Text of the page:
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Sunday, December 22, 2013

Sunday, 12/22/13 update

The ES appears to be in the 5th wave of an impulse up off the late August lows.  If so, then a correction of some significance should be in the cards some time in the next month, but not before a continued push to more new all time highs.  A possible target is at ES 1856.00 where wave 5 of the impulse will equal wave 1, as in the below chart.

There are two questionable areas in the long term count, both are highlighted in yellow on the 1st (daily) chart above.  The first is the rally sequence from June through mid-September in 2012 which is labeled as Minor Wave 1 (red).  That sequence can be labeled as a five wave impulse, but it's a bit awkward, especially at the beginning of the sequence where there was a lot of see-saw action.  The second is the correction labeled as Intermediate W4 (purple) in August of this year.  It is quite a bit more shallow and of short duration as compared to Intermediate W2 (late March to early June, 2012) - i.e. it's not proportionate.  Not saying that it absolutely has to be proportionate, but it is out of the norm.
An alternate to that count that addresses those two issues is below.  Look familiar? It's a rework of the hyper-bull count first proposed on Dec 1st.  So this would be a possible alternate count that is in play.  And if so, it portends quite a bit of bull market yet to ensue before a significant long term top: Inter W3 top followed by Inter W4 and W5 into a Major W3 top, that followed by a Major W4 and W5 into a Primary Wave III top, that followed by a Primary Wave IV and V into a very significant Cycle wave top.


It's been my experience that a systematic approach to trading is the one that works best.  I'm an adherent of the methods developed by Richard Dennis, a very successful commodity trader who did quite well in the 1970's & 1980's.  His approach is described in the book "Way of the Turtle" by Curtis M. Faith.  Personally I believe this book should be required reading for anyone involved in futures and options trading.  His approach had two primary components: a tested trading system and a set of money management rules.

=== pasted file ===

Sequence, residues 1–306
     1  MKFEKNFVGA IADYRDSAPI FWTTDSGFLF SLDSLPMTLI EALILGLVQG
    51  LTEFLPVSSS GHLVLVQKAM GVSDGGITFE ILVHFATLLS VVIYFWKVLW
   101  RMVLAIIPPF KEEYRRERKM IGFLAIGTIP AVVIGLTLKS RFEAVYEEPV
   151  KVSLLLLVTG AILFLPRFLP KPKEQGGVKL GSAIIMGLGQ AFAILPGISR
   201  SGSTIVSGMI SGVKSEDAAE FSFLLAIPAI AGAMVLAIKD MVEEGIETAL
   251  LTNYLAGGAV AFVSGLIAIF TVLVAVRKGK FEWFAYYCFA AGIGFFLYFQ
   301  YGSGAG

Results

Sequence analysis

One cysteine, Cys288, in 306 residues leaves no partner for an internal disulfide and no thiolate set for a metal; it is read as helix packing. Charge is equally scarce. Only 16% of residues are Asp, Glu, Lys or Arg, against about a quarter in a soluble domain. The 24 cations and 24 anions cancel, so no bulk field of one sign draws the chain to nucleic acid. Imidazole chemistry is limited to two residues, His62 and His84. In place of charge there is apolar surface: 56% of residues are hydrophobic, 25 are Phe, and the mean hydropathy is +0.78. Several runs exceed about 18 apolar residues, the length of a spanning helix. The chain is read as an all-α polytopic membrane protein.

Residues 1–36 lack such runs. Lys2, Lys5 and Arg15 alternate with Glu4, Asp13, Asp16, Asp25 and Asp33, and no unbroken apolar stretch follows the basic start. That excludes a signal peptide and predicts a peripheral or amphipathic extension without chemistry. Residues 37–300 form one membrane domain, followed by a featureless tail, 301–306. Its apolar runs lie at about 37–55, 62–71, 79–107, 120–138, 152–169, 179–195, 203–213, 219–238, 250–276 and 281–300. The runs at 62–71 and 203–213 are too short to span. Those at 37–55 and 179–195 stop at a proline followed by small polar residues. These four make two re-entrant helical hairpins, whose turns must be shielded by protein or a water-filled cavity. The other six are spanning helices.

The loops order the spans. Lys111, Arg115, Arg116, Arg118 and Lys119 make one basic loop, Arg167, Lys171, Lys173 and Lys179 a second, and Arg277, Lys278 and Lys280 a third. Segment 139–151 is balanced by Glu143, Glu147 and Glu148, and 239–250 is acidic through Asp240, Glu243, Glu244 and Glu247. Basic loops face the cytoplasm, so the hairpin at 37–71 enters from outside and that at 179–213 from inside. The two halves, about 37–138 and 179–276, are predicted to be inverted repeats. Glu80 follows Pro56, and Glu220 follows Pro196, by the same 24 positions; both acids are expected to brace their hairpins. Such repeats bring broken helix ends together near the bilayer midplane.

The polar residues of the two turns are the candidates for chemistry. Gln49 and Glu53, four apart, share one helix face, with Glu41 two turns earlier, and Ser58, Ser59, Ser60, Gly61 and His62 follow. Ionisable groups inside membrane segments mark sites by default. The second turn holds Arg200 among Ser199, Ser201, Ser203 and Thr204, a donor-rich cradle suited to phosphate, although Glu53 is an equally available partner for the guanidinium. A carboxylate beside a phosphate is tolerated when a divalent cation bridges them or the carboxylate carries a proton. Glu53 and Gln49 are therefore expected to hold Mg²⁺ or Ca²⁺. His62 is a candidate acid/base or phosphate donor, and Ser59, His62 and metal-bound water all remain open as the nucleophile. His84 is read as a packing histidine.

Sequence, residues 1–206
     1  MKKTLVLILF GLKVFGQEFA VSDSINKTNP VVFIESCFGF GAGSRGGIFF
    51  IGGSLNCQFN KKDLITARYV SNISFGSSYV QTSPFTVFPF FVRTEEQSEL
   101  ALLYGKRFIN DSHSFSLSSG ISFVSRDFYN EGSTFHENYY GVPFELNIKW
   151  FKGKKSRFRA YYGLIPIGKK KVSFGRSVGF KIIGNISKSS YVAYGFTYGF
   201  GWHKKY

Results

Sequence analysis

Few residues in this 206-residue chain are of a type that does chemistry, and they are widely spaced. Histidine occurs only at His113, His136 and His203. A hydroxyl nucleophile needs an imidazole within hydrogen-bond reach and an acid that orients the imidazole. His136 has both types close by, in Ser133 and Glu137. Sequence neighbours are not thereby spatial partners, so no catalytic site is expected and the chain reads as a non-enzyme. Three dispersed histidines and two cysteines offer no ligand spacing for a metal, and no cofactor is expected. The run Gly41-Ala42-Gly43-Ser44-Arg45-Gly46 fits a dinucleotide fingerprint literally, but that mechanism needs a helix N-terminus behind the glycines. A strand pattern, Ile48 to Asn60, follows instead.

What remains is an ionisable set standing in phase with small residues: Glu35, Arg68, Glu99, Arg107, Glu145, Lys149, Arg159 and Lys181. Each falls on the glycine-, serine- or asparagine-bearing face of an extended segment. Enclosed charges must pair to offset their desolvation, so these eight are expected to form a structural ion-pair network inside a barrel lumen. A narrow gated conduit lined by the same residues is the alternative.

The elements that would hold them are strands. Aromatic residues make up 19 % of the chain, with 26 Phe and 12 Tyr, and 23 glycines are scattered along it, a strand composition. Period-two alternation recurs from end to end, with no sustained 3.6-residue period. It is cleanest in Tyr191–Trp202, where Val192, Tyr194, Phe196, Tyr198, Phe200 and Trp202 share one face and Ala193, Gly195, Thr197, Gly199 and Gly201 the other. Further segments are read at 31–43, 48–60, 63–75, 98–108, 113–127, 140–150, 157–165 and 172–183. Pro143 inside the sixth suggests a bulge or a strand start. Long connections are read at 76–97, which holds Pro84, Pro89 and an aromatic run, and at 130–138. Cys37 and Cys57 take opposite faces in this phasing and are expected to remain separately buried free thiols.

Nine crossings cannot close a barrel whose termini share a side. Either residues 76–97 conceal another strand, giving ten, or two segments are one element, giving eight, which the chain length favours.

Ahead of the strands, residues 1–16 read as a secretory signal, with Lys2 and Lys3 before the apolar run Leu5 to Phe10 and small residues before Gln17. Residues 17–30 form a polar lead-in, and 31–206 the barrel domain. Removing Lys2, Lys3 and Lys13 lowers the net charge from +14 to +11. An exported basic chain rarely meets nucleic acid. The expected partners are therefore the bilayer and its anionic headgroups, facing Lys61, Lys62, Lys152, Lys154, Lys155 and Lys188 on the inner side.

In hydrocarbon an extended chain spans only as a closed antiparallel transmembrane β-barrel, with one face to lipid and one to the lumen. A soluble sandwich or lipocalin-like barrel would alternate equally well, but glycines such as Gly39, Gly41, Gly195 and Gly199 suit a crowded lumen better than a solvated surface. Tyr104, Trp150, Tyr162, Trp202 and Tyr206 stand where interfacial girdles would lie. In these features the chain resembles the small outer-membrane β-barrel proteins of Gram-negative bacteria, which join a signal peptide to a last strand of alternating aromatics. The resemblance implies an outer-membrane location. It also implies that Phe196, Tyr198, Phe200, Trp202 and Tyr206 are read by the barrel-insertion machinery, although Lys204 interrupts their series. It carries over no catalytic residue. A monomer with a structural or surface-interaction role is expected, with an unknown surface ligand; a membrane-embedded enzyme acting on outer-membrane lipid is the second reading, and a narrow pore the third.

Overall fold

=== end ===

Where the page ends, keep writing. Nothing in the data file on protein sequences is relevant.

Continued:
The money management component is just as important as the trading system, but it is the trading system that is of interest here.  A good trading system is based on a means of entering and exiting trades that is clearly defined and that yields an excess of winning trades over losers.  The conditions upon which a trade is entered and exited is established by extensively back-testing the associated rules.  Those rules are thus determined in advance and must be adhered to - any variance from the rules introduces a variable that hasn't been back tested and thus affects the probabilities, and the goal is to trade a system which has been demonstrated to yield a higher probability of profitable trades.  The great thing about this approach is that it removes emotion and opinion from the process.   It moves the trading effort from gunslinger mode to cool headed poker player mode.  Of course, if you'd rather be a gunslinger, go for it babe - I hope it works out for you.  

One final note on this subject.  I've traded a number of systems using the "turtle" method.  None is perfect, but they don't need to be - they just need to possess a demonstrated "edge" - i.e. historical excess of winning trades over losers.  The problem is that in each of these systems there seems to be a point where the edge evaporates.  Why?  I'm not exactly sure, but I believe it's because the only way to guarantee that a given system has a permanent edge is to test that system against a database that is 100% comprehensive - i.e. that is complete from the beginning of time until the end.  Obviously impossible, at least for us mere mortals.
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